When asked what will be the most powerful technology in 2030, his answer was computing. Just as the horsepower has era lasted for several centuries, with a gradual ramp-up and adding of power. He said it will be likewise in the era of computing.
Young entrepreneurs and pitching tips for startups
From a more experienced and very accomplished hand to newcomers on the scene, next up was a panel with some alarmingly impressive post-millennials to talk about their experiences establishing their respective startups.
Emma Yang, who founded Timeless at the age of eleven, and Jordan Fung, who founded Pedosa Group at the age of ten, discussed with Hillary Yip, Founder of MinorMynas, the challenges of setting up a company in Hong Kong when not yet 18 years old and being taken seriously. All these challenges they overcame, along with the more practical legal, banking and other ones, mostly through perseverance.
Besides commenting on the attention span of goldfish, Lori Granito made the point that it’s important to remember that nobody cares.
“Nobody cares about your business. Not one jot. People care about themselves and the problems you can help them solve,” she said. “Sell the problem you solve, not the product.” This is important, particularly for entrepreneurs “who are nervous and babble on.”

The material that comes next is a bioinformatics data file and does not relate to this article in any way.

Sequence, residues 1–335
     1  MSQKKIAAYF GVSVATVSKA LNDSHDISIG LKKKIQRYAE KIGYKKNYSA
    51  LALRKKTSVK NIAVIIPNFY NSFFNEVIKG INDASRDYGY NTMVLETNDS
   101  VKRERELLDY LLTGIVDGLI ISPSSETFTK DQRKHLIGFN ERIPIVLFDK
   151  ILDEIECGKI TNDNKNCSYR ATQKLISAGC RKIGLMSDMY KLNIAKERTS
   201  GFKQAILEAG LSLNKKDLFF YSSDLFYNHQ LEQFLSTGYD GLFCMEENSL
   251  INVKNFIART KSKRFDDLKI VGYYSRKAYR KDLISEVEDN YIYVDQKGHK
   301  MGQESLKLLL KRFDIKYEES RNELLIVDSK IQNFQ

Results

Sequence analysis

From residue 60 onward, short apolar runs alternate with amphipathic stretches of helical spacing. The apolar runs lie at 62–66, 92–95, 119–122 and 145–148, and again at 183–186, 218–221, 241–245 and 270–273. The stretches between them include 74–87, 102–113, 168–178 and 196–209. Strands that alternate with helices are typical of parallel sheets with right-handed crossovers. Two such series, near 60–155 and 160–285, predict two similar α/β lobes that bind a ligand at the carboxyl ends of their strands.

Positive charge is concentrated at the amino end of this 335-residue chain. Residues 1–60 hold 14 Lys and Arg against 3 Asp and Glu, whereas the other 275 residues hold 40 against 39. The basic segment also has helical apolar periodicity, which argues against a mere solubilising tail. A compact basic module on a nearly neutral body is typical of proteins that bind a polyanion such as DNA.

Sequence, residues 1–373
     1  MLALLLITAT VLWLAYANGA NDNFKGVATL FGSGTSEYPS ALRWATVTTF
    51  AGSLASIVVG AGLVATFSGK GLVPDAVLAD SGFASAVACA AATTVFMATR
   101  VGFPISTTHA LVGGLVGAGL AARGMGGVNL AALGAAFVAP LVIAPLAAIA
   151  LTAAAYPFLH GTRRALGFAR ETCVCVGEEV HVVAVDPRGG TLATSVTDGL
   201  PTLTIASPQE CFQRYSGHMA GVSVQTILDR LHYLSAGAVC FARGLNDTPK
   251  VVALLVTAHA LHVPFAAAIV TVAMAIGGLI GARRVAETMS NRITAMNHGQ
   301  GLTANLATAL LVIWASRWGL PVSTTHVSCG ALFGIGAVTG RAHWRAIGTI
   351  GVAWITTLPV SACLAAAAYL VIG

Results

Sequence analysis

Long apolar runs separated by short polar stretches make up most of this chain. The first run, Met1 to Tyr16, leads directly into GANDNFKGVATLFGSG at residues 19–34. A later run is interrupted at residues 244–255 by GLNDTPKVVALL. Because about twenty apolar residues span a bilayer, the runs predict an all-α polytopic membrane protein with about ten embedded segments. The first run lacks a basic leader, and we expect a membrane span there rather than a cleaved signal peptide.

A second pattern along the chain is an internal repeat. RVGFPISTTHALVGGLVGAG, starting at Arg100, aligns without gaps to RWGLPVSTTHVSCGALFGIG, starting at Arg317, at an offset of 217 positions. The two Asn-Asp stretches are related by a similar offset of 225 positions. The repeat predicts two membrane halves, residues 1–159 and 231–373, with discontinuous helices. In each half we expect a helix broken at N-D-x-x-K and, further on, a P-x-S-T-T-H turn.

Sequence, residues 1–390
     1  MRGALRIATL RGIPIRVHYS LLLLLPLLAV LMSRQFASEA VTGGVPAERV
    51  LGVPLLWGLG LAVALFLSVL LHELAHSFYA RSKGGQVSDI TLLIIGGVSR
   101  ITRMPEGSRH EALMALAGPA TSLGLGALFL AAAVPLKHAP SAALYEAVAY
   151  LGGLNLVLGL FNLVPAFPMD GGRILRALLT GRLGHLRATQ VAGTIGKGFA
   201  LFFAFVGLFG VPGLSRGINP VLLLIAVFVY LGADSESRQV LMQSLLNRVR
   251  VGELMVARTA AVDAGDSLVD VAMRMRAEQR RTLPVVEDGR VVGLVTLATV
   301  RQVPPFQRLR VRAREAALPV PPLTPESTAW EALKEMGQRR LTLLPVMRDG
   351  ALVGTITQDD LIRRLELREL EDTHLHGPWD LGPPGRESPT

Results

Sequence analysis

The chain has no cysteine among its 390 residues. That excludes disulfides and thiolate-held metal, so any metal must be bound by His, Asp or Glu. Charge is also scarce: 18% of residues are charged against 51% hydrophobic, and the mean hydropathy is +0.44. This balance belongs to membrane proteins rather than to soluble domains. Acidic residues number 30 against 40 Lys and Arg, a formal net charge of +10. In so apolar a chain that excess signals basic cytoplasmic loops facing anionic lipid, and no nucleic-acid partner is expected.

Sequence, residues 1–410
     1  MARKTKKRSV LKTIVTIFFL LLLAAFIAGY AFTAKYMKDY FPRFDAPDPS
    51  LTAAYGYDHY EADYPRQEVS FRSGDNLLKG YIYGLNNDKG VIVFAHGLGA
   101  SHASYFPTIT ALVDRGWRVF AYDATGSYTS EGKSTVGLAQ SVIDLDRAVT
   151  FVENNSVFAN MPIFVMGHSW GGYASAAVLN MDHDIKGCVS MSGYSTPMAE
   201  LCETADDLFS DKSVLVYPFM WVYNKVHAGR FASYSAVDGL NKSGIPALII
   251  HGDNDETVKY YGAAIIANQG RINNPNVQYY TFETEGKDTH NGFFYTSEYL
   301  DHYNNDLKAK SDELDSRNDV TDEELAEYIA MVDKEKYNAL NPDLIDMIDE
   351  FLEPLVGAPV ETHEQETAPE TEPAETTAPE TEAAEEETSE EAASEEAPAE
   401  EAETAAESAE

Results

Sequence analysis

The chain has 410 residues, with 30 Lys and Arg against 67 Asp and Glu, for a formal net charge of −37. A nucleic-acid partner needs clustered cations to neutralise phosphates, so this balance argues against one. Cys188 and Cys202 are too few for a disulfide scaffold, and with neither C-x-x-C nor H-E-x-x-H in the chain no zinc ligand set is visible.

Carousell and Wantedly stories told
Quek Siu Rui, Co-founder and CEO of Carousell, shared experiences and insights on stage withBilly Naveed, Founder of Young Founders School. Carousell was launched in 2012, when less funding was available. It meant Mr. Quek and his co-founders worked for months without salaries.
“There were so many growing pains,” he said, but added that the most challenging one were ones associated with a fast-growing business, such as internal communications and alignment, along with unhappy staff amid rapid expansion.
Mr. Quek singled out the customer support team as unsung heroes. “They deal with the challenges and angry customers,” he said. “But they are the source of truth.” He added that their feedback leads to problem solving and innovation. He said entrepreneurs need to be anchored by purpose and passion, and the company mission.
The final question: what’s your favourite non-Carousell app? “Slack,” said Mr. Quek.
Akiko Naka, Founder & CEO of Wantedly, took the stage next to tell her story. Wantedly which provides an innovative way to find exciting new career opportunities. The platform plays down the need for job descriptions and the other formalities that come into the early stages of the job-search process. Its focus is on experiencing the workplace, informal conversations and finding the right fit in a way that’s not contrived. Its “Want to Visit” facilities a casual chat and visit to the company, to get a feel of what it’s like.
Ms. Naka became youngest ever CEO of a company listed on the Tokyo Stock Exchange. She said a key motivation for her was the sheer satisfaction derived from seeing the business grow and having a genuine impact. Her first job upon graduation was in investment banking, which didn’t provide those particular rewards.